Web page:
Originally Posted by

**OneMileCrash** My professor gave the following theorem today:

Let A and B be vectors. Then A * B =0 if and only if A and B are perpendicular.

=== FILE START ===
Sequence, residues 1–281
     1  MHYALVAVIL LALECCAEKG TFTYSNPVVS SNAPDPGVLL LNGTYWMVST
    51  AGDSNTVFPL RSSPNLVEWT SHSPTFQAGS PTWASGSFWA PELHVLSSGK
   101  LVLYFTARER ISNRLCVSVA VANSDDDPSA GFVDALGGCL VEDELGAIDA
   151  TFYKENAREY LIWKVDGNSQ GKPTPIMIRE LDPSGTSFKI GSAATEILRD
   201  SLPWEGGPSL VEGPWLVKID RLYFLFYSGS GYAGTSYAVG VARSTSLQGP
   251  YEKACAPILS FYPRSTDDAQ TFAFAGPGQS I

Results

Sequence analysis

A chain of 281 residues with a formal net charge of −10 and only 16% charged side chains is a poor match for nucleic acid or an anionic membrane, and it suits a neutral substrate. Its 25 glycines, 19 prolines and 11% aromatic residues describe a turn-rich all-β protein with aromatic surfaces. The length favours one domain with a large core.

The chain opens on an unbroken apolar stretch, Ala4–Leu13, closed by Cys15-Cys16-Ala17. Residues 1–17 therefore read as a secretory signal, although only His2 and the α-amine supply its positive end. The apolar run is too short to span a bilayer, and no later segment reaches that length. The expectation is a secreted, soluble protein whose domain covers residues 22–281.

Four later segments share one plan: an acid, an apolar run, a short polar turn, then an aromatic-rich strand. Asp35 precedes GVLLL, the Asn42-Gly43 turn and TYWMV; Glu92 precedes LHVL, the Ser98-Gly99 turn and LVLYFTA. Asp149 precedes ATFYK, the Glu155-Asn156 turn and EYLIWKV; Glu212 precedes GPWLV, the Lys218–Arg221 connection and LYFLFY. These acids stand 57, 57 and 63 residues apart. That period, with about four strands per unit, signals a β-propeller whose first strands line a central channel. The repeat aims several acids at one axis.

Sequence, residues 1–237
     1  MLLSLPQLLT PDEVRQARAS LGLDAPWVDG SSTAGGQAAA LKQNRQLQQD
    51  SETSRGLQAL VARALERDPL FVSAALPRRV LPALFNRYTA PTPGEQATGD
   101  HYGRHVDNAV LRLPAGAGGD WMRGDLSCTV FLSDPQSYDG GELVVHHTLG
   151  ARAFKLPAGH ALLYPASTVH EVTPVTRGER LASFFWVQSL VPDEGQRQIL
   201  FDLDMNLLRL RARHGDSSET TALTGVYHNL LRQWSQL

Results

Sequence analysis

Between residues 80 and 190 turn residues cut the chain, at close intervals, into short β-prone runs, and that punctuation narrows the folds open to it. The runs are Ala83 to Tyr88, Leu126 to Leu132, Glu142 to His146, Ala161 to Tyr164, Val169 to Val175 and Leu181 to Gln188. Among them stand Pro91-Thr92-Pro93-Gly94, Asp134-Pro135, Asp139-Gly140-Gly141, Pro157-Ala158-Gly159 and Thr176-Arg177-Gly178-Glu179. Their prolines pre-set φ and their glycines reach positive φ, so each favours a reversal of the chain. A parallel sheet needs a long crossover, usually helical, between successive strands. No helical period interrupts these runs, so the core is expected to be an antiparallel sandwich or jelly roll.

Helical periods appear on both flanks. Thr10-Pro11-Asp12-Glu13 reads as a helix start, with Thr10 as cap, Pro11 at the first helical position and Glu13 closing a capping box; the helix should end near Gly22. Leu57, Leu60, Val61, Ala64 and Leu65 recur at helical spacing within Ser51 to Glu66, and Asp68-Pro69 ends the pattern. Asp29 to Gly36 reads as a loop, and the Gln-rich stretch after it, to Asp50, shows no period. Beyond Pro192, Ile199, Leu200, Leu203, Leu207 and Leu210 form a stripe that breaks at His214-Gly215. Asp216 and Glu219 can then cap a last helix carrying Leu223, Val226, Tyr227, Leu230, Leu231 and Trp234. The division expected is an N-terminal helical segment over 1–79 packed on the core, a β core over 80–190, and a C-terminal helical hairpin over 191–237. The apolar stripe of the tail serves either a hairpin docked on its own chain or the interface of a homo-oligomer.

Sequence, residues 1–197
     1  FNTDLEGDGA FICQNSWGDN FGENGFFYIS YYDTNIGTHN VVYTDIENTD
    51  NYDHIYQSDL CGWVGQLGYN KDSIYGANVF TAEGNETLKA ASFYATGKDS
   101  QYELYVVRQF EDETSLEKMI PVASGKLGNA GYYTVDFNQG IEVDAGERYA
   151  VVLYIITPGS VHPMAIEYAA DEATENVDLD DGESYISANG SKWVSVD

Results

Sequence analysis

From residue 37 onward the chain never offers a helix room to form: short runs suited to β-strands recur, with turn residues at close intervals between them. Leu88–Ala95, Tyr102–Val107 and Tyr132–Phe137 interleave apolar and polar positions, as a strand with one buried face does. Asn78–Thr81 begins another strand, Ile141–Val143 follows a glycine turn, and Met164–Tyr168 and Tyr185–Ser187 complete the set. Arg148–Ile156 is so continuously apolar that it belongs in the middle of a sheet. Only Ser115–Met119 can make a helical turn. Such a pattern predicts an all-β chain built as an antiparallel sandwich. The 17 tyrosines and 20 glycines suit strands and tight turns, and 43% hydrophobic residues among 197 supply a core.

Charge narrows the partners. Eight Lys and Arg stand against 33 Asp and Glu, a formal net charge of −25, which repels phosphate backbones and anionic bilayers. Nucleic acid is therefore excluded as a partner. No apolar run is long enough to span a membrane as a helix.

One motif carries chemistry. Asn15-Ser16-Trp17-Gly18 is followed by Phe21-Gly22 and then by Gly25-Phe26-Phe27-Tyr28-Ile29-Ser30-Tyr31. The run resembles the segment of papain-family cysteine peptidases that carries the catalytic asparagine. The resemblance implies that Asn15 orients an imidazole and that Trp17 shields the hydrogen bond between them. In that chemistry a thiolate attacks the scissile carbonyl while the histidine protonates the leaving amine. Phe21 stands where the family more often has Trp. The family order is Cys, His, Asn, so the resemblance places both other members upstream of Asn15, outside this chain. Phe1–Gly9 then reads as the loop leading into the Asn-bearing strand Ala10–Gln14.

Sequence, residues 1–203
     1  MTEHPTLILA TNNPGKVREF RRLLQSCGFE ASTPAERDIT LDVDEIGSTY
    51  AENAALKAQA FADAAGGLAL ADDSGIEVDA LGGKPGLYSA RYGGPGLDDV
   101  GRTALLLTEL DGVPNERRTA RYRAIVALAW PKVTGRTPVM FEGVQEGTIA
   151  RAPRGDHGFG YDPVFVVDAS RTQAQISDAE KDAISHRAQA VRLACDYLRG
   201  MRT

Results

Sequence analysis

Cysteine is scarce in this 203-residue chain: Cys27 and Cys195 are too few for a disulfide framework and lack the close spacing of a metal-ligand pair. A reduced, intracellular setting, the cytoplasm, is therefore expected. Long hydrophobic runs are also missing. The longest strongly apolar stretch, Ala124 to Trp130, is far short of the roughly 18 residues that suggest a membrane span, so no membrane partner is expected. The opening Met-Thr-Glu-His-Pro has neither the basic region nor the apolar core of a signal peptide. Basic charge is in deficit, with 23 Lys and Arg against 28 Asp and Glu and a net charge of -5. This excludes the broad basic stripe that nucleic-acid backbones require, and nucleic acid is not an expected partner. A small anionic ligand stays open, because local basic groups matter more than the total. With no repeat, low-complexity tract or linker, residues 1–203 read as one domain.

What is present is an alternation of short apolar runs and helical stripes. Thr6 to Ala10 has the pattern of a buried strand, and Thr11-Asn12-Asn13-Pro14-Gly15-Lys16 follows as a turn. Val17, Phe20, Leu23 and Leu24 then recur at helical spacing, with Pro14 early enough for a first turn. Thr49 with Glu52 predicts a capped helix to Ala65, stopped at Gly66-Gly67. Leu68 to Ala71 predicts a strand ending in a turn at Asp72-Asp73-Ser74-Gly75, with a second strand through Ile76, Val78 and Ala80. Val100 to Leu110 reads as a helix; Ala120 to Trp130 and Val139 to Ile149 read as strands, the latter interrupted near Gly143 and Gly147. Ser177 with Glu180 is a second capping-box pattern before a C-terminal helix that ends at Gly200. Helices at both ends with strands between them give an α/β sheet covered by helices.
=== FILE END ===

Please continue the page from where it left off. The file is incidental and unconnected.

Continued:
Now, in the proof for this my professor gave the following reasoning in the case that A or B are the zero vector, in the "iff direction" of if 0 => perpendicular: |A| = 0 or |B| = 0 => A=0 or B=0 => Give A are direction perp. To B or give B a direction perp to A => A is perp. To B. I understand that we can attribute any direction to the zero vector, but does anyone else feel it is a bit sketchy to "choose" A to be perp. to B in order to prove that A is perp to B? In other words.. the z ero vector's direction is anything. I don't have to "choose" it to be perpendicular to anything for the dot product to be zero. Therefore, as the theorem reads,"if and only if A and B are perpendicular" is a bit... not "wrong" but at the same time, could be more accurate.